If you think testing a QR code is an off-the-cuff matter, think again. A QR code test requires checking some pretty critical elements to make it functional. This is how it should be done.
You have created your QR code for personal use or for business purposes, and you feel you are ready to go. But have you wondered whether all the effort you put into designing your code has paid off?
Your prospects might not be able to scan the code with their mobile device because it is too small. Or you have created a business card QR code to use for networking, and your potential business contact cannot save your personal details.
Testing your QR codes matters and can spare you a financial headache, so let’s look at the best practices when running a QR code test.
Table of Contents
- Why Do a QR Code Test
- How to Test QR Code
Why Do a QR Code Test
When you have exported your code to either in PNG or SVG format, you must test it before use. It might sound obvious but people can rely too much on technology and forget the importance of testing.
Not testing your QR code could be costly. For instance, if you are running a marketing campaign and have printed an inoperative QR code on thousands of copies of a flyer, your money will have gone down the drain.
At a restaurant, using a QR code for a menu with the wrong size or contrast could make you lose dinners on the spot —it doesn’t matter if it’s static or dynamic QR codes.
So, scanning QR codes before using them is the best way to test them. But what is it that you test when you scan them?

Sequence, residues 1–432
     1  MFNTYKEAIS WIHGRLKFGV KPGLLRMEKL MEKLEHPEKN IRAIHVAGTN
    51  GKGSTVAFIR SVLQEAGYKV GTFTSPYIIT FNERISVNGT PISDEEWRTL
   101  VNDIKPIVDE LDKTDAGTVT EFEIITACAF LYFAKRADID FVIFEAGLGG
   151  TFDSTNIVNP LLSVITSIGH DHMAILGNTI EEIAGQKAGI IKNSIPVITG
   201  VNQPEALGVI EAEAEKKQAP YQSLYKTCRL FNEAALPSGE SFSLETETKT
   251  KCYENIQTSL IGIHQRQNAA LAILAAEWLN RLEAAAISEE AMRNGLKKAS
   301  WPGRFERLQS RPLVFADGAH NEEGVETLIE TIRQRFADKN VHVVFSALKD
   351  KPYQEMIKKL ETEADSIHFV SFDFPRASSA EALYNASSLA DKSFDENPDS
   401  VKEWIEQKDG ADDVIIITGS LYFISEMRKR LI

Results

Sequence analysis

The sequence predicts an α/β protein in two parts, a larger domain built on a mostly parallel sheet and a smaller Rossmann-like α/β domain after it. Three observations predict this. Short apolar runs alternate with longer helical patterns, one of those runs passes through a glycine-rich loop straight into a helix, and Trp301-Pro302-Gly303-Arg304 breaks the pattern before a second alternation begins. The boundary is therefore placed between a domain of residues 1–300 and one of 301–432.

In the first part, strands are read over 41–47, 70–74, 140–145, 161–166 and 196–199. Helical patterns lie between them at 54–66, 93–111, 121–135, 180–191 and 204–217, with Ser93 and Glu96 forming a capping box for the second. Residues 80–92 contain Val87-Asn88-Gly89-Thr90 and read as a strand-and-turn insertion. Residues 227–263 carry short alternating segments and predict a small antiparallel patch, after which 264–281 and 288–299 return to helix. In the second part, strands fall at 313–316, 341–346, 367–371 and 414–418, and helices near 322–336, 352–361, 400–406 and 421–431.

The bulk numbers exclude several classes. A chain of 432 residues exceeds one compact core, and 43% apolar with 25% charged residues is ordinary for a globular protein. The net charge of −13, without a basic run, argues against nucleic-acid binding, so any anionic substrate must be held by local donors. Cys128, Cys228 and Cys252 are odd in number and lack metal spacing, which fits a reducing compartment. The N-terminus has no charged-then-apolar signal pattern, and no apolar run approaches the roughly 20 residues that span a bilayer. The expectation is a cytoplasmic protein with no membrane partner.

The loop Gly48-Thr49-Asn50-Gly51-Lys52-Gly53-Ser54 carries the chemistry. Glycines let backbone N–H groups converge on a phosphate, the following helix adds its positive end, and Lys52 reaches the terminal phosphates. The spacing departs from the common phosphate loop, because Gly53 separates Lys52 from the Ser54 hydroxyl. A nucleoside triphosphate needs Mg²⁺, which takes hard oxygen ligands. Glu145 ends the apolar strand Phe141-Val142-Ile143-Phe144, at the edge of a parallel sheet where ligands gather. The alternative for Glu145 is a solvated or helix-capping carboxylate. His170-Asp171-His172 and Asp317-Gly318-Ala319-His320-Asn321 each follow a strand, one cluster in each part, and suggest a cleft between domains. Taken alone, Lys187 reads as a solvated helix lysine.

Also see: What Is a QR Code and How You Can Create One
How to Test QR Code
You must check several elements when scanning your new sample QR code for the first time. This is how you do a QR code test so you can go all through them in a breeze!
Scan it from different distances
To ensure the embedded data can be accessed, you must test the code’s scannability at different distances. This is so because there is a strong correlation between size and how far the code can be scanned.
Following this reasoning, the smaller the QR code, the closest it should be scanned. So, if you are using a dynamic QR code in product packaging, the minimum size should be 2 x 2 cm —0.8 x 0.8 in.
The size-to-scanning distance ratio for a QR code with a smartphone camera is 10:1, and the image format of the QR code will also play an essential role in scannability at a distance.
When to use PNG Format
The QR code PNG format is small and useful, and it is suitable for images with a transparent or semi-transparent background. The PNG format is the smallest in comparison, so stretching it beyond its limits could render it difficult to scan.
PNG QR codes are best used for the web so users can scan them online and for small prints: restaurant menus, book covers, or as a business card QR code.
When to use SVG Format
The SVG format is bigger than PNG and it is perfect for bigger prints such as posters and billboards. To test this larger format, keep in mind the size-distance ratio so you have an accurate measure.
Do the QR code test under different lighting conditions
Light can extensively affect the scannability of QR codes. Scanning a code under poor lighting —either with a scanning app or a smartphone camera— could hamper the code’s ability to link to the embedded data.
The first thing you need to know before running a test is the time of day at which you want the code to be scanned –bearing in mind bright light.